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Lech Lecha

From Avram to Avraham

Adapted from Torah Or by Rabbi Yossi Marcus[1]

"And G-d said to Avram go to you...."2]
"No longer shall your name be Avram But Avraham shall be your name. For the father of many nations have I made you"[3]


Behold. Avram’s soul is on the level of wisdom that is hidden from any perception—seichel hanehlam mikol rayon.

Hence his name—Av Ram—meaning, Lofty Father.

Father, in general,  refers to Chochmah, the unarticulated flash of insight, since it is the progenitor of all thought, emotion and deed. Lofty father, refers to Chochmah that is lofty and exalted, entirely beyond any perception.[4]

Now the message of Go to you is that this lofty level must descend so that it can be experienced by lower worlds and souls. The completely hidden must be revealed. This is a description not only of Avraham’s journey but of the entire scheme of creation in general and that of each soul.

How does this revelation take place? Firstly there must be the creation of lower realities. This is achieved through filtering, tzimtzum.

Light must be preceded by darkness—

and it was evening then morning: day one.[5]

In order to create yesh, beings that experience a sense of independent existence, there must be Evening, darkness. This is followed by Morning, enlightenment. We then have a yesh that experiences bittul, nullification, which allows for day one:

Unlike the other days which are described as second, third etc., the first day is called Day One, alluding to the goal of creation, where the Oneness and onlyness of G-d is experienced by a nullified yesh.

This is alluded to in the word echad, One, which is made up of the letters alef, ches, daled. The ches and the daled, numerically equivalent to eight and four respectively, allude to the universe: seven heavens and one earth, and the four corners of the world. The alef represents the Aluf of the world, the Master of the world. Echad, then, means that all of the universe is one with G-d, i.e., all of existence is merely an expression of Him. Echad implies a oneness despite the “presence” of otherness. (The word yachid, by contrast, means single or alone, alluding to a singularity that does not recognize otherness. See Tanya vol. 2.)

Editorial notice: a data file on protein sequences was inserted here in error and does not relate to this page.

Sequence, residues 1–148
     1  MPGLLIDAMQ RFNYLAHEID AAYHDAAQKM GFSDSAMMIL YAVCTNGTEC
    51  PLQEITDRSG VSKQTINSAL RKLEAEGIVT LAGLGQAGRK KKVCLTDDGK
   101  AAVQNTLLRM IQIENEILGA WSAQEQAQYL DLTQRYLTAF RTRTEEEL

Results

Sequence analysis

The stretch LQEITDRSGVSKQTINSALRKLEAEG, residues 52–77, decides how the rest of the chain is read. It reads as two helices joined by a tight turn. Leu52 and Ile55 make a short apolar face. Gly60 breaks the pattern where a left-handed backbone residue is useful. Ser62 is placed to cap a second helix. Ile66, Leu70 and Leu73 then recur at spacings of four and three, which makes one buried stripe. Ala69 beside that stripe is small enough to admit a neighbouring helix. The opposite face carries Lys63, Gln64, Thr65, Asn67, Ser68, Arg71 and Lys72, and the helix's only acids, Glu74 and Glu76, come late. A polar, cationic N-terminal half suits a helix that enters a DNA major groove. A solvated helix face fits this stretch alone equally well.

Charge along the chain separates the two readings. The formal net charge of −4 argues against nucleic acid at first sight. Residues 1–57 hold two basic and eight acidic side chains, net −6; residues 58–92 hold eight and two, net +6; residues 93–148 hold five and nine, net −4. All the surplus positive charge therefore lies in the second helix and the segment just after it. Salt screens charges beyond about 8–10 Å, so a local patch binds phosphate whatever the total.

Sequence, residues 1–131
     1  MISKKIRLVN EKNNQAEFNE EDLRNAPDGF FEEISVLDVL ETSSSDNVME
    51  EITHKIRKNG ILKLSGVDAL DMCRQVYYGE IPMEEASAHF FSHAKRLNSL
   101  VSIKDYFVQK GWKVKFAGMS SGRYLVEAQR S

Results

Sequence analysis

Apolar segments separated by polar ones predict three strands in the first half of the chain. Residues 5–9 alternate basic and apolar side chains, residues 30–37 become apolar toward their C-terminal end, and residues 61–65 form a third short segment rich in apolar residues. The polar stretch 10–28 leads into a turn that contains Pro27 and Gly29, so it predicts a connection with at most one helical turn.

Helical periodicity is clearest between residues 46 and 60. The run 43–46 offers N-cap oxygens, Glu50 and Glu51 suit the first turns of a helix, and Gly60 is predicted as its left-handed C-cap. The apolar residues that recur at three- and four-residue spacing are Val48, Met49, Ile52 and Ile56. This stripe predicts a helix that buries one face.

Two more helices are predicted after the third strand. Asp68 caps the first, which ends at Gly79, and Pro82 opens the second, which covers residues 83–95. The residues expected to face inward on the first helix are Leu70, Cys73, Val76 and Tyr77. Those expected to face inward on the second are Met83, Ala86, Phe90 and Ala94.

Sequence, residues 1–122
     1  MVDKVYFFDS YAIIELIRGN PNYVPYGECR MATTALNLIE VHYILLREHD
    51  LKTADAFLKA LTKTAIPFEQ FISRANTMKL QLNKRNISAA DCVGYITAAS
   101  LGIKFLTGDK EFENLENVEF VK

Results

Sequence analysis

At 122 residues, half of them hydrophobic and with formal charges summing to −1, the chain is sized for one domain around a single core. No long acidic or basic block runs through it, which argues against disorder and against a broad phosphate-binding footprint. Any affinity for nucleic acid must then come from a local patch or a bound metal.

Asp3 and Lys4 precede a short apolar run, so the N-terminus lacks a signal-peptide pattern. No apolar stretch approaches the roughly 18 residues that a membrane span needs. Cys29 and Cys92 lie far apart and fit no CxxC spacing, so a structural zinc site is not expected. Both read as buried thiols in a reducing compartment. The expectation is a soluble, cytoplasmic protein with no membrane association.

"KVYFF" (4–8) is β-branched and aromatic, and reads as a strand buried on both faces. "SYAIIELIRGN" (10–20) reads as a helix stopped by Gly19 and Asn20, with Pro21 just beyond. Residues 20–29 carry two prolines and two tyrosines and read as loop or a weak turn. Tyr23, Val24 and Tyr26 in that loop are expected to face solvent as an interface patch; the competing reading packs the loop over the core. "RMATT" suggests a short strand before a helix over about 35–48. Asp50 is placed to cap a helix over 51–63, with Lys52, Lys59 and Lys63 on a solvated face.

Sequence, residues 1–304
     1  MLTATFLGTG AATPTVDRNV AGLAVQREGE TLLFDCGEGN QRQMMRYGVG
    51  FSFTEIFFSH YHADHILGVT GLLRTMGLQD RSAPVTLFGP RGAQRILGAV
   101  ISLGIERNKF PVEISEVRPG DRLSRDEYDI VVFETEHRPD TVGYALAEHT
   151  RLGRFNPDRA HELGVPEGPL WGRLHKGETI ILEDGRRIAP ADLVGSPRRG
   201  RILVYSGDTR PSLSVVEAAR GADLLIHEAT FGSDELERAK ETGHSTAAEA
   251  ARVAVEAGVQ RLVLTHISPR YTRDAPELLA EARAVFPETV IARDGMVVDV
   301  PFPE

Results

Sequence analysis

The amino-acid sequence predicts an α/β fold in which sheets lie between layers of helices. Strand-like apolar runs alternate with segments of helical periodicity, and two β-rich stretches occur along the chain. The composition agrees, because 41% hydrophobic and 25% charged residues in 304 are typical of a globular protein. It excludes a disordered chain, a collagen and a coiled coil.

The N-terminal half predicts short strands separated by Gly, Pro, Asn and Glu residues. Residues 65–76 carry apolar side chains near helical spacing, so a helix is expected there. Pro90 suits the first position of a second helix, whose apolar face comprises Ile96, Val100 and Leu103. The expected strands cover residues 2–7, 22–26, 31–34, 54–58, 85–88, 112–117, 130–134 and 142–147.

The revelation, however, must be preceded by Circumcision, the removal of the foreskin of the heart.[6] In this way, the darkness is subdued so that the revelation can take place without the risk of its energy being siphoned by darkness.

Hence we read that after the circumcision, Avraham is called, Father of Nations.[7] Why are the nations suddenly mentioned at this point? “Nations” refers not only to the peoples of the world, but also to the elements of nature in general. For it was through the circumcision that Avraham experienced the revelation that would allow for the processing and elevation of nature.

This began the process of elevation that would extend throughout history.[8] As the Talmud says,[9] Israel was exiled to the far corners of the world so that they would bring in converts. This refers not only to human converts, but also to the “conversion” of the natural elements, food and drink etc., and their elevation to holiness.

Before Avraham, the world existed in a state of Tohu,[10] chaos. The climate of the world was one of great intensity, which led to the “shattering of the vessels,” the flood etc. With Avraham began the era of Tikkun, rectification, where the fallen sparks of intense light are gradually elevated.

ascent and descent

So, in a sense, the transition from Avram to Avraham is a descent. Yet, this descent is initiated by the additional Hey (Avraham) that Avraham received, which is symbol of revelation. For every descent and extension must be preceded by a great revelation.

For example, we see that a wise person must prepare himself before he imparts the profundity of his wisdom. An idea may be clear to him in his mind but for him to communicate to others he must think deeply to develop a method through which to clothe his wisdom in language that his listener can relate to. He must be able to find the truth of his idea as it is expressed even in much lower phenomena.   

Thus it is written that King Solomon spoke three thousand parables[11] for one concept. Because of his immense brilliance he was able to lower himself three thousand degrees beneath his level of wisdom and enclothe his wisdom in terms that even the simplest person could understand.

But in order to achieve this descent, the wise person must reach deep into himself, to a level that is far beyond his Chochmah, so that he can extend and articulate his Chochmah.

This all is a metaphor for the kabbalistic idea that Atik[12] is revealed in Binah,[13] not Chochmah. For it is the light of Atik—which is beyond Chochmah—that produces the expansiveness and articulation of Binah. Chochmah itself could not produce such descent. (As in the metaphor of the person, where he must draw from higher in order to transmit lower.)